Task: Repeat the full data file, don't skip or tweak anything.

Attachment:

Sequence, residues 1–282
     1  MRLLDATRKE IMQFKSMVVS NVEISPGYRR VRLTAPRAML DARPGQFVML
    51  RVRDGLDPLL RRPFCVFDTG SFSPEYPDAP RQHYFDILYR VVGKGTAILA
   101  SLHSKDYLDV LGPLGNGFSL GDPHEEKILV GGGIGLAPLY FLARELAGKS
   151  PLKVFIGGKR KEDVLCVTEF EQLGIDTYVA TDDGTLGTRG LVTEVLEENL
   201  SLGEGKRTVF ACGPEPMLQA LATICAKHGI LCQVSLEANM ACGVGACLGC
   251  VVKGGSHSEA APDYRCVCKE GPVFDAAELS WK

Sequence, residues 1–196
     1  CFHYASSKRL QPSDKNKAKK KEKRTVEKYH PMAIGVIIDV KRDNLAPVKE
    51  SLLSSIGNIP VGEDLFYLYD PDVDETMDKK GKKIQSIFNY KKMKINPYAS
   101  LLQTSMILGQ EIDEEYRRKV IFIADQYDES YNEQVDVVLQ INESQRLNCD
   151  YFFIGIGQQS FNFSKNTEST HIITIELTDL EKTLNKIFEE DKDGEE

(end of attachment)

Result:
Sequence, residues 1–282
     1  MRLLDATRKE IMQFKSMVVS NVEISPGYRR VRLTAPRAML DARPGQFVML
    51  RVRDGLDPLL RRPFCVFDTG SFSPEYPDAP RQHYFDILYR VVGKGTAILA
   101  SLHSKDYLDV LGPLGNGFSL GDPHEEKILV GGGIGLAPLY FLARELAGKS
   151  PLKVFIGGKR KEDVLCVTEF EQLGIDTYVA TDDGTLGTRG LVTEVLEENL
   201  SLGEGKRTVF ACGPEPMLQA LATICAKHGI LCQVSLEANM ACGVGACLGC
   251  VVKGGSHSEA APDYRCVCKE GPVFDAAELS WK

Sequence, residues 1–196
     1  CFHYASSKRL QPSDKNKAKK KEKRTVEKYH PMAIGVIIDV KRDNLAPVKE
    51  SLLSSIGNIP VGEDLFYLYD PDVDETMDKK GKKIQSIFNY KKMKINPYAS
   101  LLQTSMILGQ EIDEEYRRKV IFIADQYDES YNEQVDVVLQ INESQRLNCD
   151  YFFIGIGQQS FNFSKNTEST HIITIELTDL EKTLNKIFEE DKDGEE